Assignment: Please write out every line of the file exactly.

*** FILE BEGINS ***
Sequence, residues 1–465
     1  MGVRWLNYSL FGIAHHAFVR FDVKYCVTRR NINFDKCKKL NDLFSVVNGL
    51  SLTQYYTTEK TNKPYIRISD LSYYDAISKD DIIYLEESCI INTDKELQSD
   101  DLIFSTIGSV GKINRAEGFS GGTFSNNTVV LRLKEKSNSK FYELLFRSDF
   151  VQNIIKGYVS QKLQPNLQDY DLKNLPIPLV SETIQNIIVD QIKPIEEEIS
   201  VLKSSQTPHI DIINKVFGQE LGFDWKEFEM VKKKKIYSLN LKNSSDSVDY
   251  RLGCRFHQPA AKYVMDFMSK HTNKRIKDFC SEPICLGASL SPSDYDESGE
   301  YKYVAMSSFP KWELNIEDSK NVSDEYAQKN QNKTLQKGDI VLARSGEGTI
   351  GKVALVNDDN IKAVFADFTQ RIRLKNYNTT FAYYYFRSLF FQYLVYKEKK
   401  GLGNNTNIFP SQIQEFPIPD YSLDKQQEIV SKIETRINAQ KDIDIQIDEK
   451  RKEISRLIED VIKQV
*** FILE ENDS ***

Sequence, residues 1–465
     1  MGVRWLNYSL FGIAHHAFVR FDVKYCVTRR NINFDKCKKL NDLFSVVNGL
    51  SLTQYYTTEK TNKPYIRISD LSYYDAISKD DIIYLEESCI INTDKELQSD
   101  DLIFSTIGSV GKINRAEGFS GGTFSNNTVV LRLKEKSNSK FYELLFRSDF
   151  VQNIIKGYVS QKLQPNLQDY DLKNLPIPLV SETIQNIIVD QIKPIEEEIS
   201  VLKSSQTPHI DIINKVFGQE LGFDWKEFEM VKKKKIYSLN LKNSSDSVDY
   251  RLGCRFHQPA AKYVMDFMSK HTNKRIKDFC SEPICLGASL SPSDYDESGE
   301  YKYVAMSSFP KWELNIEDSK NVSDEYAQKN QNKTLQKGDI VLARSGEGTI
   351  GKVALVNDDN IKAVFADFTQ RIRLKNYNTT FAYYYFRSLF FQYLVYKEKK
   401  GLGNNTNIFP SQIQEFPIPD YSLDKQQEIV SKIETRINAQ KDIDIQIDEK
   451  RKEISRLIED VIKQV